Largest increase in family counselling cases in 15 years
The number of family counselling cases increased last year by 9 per cent. This is the sharpest increase since the turn of the century.
In all regions, there was an increase in the number of family counselling service cases. Region North had the largest percentage increase of 11 per cent. Region North also had most cases in relation to the number of inhabitants, i.e. 9.8 per 1 000 inhabitants. As in previous years, Region West had the lowest number of family counselling cases; 5.9 per 1 000 inhabitants.
Most want to talk about relationships and parental collaboration
The family counselling offices dealt with nearly 37 800 cases in 2016; an increase of 9 per cent from the year before. This is the strongest increase, both in terms of percentage and absolute numbers, since 2001.
Figure 1. Family counselling cases during the year. Absolute figures
In 2016, there were 29 670 new family counselling cases. This is an increase of nearly 9 per cent from the previous year. In 41 per cent of these cases, issues relating to the parents’ relationship were the main reason for the enquiry. Forty per cent of the primary clients contacted a family counselling office for parental collaboration or guidance.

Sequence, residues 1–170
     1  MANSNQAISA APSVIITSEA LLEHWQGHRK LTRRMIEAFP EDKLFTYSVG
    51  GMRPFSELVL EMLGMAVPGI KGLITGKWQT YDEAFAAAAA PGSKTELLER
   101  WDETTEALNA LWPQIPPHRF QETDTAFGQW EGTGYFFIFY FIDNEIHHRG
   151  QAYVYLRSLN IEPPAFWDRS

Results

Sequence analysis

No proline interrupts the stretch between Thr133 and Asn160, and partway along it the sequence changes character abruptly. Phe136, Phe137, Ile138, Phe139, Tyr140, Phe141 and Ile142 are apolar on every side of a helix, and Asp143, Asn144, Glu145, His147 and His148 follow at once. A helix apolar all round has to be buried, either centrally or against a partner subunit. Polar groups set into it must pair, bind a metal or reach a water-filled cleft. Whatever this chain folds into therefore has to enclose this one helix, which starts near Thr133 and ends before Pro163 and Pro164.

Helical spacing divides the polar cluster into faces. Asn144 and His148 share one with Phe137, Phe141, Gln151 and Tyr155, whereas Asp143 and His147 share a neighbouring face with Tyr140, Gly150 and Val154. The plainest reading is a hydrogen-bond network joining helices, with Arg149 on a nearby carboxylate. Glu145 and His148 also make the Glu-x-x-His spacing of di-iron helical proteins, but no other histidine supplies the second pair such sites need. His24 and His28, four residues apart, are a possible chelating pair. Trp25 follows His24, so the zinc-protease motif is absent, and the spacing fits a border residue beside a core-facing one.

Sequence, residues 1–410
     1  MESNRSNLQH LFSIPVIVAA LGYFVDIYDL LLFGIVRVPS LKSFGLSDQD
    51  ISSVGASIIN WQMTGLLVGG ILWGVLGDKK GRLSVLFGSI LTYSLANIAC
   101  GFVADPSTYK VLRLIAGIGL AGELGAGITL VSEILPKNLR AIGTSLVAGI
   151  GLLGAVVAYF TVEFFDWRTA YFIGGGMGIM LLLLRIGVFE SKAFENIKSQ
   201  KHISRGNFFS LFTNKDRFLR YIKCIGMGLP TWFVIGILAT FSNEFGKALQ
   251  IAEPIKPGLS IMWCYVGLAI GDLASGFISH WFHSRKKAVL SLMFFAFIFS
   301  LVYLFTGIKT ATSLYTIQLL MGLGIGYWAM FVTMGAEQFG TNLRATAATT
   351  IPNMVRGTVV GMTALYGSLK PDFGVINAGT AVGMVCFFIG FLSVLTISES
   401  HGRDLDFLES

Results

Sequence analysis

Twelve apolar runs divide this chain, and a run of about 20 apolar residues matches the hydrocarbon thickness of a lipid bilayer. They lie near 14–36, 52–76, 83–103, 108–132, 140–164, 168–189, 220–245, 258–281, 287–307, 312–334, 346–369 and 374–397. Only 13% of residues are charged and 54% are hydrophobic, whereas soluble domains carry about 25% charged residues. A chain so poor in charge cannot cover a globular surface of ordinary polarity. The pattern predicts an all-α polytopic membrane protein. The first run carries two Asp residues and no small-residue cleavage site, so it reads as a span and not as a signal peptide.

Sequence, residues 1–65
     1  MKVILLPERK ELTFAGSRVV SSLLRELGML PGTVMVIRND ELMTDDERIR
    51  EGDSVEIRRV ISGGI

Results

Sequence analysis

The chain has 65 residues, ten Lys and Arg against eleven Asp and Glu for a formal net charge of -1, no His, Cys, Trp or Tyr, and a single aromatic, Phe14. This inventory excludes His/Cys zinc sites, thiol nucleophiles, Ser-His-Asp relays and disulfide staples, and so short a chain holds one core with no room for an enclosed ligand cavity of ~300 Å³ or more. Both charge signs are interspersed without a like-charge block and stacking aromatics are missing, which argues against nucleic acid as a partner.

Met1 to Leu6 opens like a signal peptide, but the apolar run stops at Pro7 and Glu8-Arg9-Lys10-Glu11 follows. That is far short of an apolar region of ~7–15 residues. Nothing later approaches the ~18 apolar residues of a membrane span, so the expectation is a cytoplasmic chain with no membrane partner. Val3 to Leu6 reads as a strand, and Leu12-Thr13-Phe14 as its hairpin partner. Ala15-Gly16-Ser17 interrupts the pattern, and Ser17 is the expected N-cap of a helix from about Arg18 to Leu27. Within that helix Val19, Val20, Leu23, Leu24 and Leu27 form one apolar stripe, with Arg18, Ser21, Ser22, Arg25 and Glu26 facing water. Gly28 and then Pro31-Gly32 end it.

Figure 2. New cases in the Family counselling services, by the main reason for inquiry. 2016. Per cent
|Help for children and youth 4%||4|
|Parental collaboration 40%||40|
|Other complex problems in the family 15%||15|
Shorter waiting times and duration
The figures for 2016 show that there were more new cases and more closed cases in 2016 than the year before. The family counselling cases were somewhat shorter in terms of number of days. The strongest increase was in the number of family counselling service cases that lasted less than 2 months. This share amounted to 43 per cent of all closed cases in 2016, compared to 41 per cent the previous year.
Most couple counselling
Almost 4 out of 10 cases that family counsellors worked with last year related to couple counselling. Three out of 10 cases were individual conversations.
It is also obvious that relationships and parental collaboration are the main topics of conversation at the family counselling offices. This is shown in Figure 3, which shows concluded cases in the family counselling services, by sex and main subject.
Figure 3. Concluded cases in the family counselling services, by sex and main topic. 2016
|Strengthen the relationship||23|
|Clarify/end the relationship||12|
|Separation in family||3|
|Childs experience of circumstances in own life||4|
|Childs situation in the parental conflict||2|
|Permanent residence/access arrangements||9|
|Parent - child relation||4|
|Collaboration of child/children, parents do not cohabite||22|
|Child of another bed and/or new family||1|
|Cultural or minority problems||0|
|Illness or operability problems||1|
|Physical/psychological voilence and/or abuse||4|
|Other serious incident||3|